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Vernon Richards | Quality Coach

Vernon Richards | Quality Coach

October 22, 2022

Here Are 7 Ways Testers Can Compare Scripting And Exploring So They Can Choose The Appropriate Approach To Use

Scripting BAD! Exploring GOOD! Amirite!?

No. Not right! Although, I used to think that back in the day 😅. Then I realised that I was biased against scripting and wondered if that was sensible. I designed a workshop to help testers experience the difference between scripting and exploring.

Here are the conclusions that I came up with.

What are the characteristics of scripted work?

When I say “scripted”, I mean “the kind of testing that resolves to a pass or fail result”.

Here’s what I came up with:

  • Capture how to do essential tests

  • Tests specific objective facts about the system

  • May miss emergent behaviour of the system

  • Can be more easily turned into an automated test of some kind

  • Often contain lots of pre-designed steps that must be followed

  • Is easy to report on how many have been executed, passed and failed

  • Time focused on documenting test cases

While it’s not perfect, it’s not as useless as I’d come to believe!

What are the characteristics of exploratory work?

When I say “exploratory”, I mean “the kind of testing that starts with an open question to which we don’t know the answer”.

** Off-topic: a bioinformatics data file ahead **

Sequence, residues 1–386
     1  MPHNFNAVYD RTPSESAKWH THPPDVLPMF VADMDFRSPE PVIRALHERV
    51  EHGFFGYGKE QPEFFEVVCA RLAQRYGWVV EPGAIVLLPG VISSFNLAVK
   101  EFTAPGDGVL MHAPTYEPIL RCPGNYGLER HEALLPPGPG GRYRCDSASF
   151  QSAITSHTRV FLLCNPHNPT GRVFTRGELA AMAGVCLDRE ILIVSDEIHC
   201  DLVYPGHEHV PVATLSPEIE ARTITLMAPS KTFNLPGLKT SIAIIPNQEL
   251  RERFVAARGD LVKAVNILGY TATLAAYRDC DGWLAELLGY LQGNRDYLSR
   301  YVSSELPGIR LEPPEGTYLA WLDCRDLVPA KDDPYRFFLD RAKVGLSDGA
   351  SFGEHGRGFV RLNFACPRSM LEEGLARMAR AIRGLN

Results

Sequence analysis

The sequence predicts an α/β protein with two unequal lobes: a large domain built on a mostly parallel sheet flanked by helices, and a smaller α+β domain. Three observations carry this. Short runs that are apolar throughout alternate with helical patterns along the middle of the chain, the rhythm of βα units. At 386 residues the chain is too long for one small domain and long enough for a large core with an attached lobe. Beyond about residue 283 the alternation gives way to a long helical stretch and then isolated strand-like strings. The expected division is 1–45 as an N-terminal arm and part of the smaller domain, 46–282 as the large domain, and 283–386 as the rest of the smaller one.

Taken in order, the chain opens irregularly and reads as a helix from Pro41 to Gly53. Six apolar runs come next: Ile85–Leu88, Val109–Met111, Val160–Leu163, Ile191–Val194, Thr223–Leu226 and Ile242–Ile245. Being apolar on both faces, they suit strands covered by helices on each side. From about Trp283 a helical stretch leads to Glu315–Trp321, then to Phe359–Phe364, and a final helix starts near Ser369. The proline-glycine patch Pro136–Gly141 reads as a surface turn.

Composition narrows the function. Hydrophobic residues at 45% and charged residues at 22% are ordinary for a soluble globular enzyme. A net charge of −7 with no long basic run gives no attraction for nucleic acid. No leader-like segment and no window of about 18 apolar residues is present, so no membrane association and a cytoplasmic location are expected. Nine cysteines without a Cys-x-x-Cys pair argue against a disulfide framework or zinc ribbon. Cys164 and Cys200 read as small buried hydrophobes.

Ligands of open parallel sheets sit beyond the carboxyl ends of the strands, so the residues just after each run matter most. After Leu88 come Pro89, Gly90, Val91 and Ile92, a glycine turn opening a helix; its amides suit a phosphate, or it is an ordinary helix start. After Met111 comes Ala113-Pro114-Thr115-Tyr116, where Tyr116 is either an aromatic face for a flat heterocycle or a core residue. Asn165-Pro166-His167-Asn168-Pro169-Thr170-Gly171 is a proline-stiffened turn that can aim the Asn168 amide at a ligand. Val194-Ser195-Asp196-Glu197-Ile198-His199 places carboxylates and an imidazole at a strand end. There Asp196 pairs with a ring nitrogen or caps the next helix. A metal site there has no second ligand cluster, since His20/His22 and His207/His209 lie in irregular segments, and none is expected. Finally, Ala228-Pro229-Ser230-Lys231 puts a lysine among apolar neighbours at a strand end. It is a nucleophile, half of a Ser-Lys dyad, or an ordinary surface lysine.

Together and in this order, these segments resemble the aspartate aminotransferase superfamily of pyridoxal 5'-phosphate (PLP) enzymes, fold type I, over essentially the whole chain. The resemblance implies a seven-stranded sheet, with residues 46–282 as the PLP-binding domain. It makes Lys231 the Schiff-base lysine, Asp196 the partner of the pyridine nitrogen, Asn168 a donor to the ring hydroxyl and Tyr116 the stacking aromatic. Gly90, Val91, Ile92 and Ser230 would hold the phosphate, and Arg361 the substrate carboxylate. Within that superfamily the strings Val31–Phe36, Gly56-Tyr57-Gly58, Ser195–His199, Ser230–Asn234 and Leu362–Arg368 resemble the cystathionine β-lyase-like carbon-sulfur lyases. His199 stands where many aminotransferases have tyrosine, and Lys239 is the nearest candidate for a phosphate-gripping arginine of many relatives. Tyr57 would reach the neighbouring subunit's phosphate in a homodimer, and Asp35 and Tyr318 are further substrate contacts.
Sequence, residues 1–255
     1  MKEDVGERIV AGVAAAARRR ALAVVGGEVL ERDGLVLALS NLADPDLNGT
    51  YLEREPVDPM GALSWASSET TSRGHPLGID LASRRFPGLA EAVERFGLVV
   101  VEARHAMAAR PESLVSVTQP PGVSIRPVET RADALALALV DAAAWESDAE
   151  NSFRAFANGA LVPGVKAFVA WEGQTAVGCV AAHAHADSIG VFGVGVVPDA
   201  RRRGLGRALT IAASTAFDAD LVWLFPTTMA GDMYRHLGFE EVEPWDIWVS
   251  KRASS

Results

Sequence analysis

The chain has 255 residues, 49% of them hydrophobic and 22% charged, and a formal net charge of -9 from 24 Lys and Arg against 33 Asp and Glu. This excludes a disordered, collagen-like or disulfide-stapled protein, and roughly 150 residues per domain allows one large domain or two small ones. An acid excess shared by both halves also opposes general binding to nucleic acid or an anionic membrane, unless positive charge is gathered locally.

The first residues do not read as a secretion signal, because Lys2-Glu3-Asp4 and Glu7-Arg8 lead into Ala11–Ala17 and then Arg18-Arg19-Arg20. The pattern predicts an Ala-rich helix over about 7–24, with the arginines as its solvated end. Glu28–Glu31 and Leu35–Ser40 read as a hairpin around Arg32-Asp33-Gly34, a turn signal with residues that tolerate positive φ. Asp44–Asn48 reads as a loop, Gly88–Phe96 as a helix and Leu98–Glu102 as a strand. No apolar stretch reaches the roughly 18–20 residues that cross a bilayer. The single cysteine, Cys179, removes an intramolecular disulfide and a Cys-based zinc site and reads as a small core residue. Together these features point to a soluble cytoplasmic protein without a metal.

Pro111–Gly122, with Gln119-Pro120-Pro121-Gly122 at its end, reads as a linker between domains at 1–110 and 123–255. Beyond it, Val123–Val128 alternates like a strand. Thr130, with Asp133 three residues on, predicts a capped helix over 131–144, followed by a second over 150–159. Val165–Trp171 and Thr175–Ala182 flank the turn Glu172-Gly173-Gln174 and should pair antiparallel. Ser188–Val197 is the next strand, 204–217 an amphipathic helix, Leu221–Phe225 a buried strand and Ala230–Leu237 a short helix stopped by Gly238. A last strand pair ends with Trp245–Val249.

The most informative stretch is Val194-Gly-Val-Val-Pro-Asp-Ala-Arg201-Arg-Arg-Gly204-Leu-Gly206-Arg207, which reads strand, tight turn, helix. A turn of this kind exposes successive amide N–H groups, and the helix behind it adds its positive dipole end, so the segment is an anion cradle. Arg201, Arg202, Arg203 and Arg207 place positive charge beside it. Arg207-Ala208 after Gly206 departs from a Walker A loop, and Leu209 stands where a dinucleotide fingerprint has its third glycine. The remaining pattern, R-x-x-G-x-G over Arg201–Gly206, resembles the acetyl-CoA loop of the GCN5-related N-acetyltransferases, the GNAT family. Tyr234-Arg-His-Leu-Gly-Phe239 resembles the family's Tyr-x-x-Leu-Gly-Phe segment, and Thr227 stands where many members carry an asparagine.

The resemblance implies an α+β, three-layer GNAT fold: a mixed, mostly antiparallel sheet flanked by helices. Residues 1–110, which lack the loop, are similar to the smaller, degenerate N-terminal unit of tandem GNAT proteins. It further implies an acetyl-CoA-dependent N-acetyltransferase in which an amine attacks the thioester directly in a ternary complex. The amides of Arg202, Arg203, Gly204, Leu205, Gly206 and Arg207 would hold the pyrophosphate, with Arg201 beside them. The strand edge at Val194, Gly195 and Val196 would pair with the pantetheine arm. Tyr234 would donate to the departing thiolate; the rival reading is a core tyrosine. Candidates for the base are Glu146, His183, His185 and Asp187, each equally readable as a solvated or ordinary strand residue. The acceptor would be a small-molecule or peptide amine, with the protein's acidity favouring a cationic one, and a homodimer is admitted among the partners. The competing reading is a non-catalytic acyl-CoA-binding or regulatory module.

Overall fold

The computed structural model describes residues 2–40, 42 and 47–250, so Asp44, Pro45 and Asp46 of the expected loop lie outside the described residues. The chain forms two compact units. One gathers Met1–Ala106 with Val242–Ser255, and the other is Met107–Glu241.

Here’s what I came up with:

  • Capture why to test important features

  • Can mitigate specific risks in the system

  • Is more able to spot emergent behaviour of the system

  • Difficult to easily turn into an automated test of some kind

  • Leave the performance of the test up to the tester

  • Is easy to report on what has been tested, what hasn’t and why

  • Time focused on doing testing

While it’s obviously useful, it’s not as flawless as I’d come to believe!

Scripting vs Exploring?

Can’t we do both?

I say yes. Leverage the scripted approach for things we can imagine beforehand and resolve to a pass/fail result. However, we should also leverage the exploratory approach when we have an open question, typically a risk, that we must research before answering. It’s less about doing one and ignoring the other.

It’s about using the right mix to complement each other!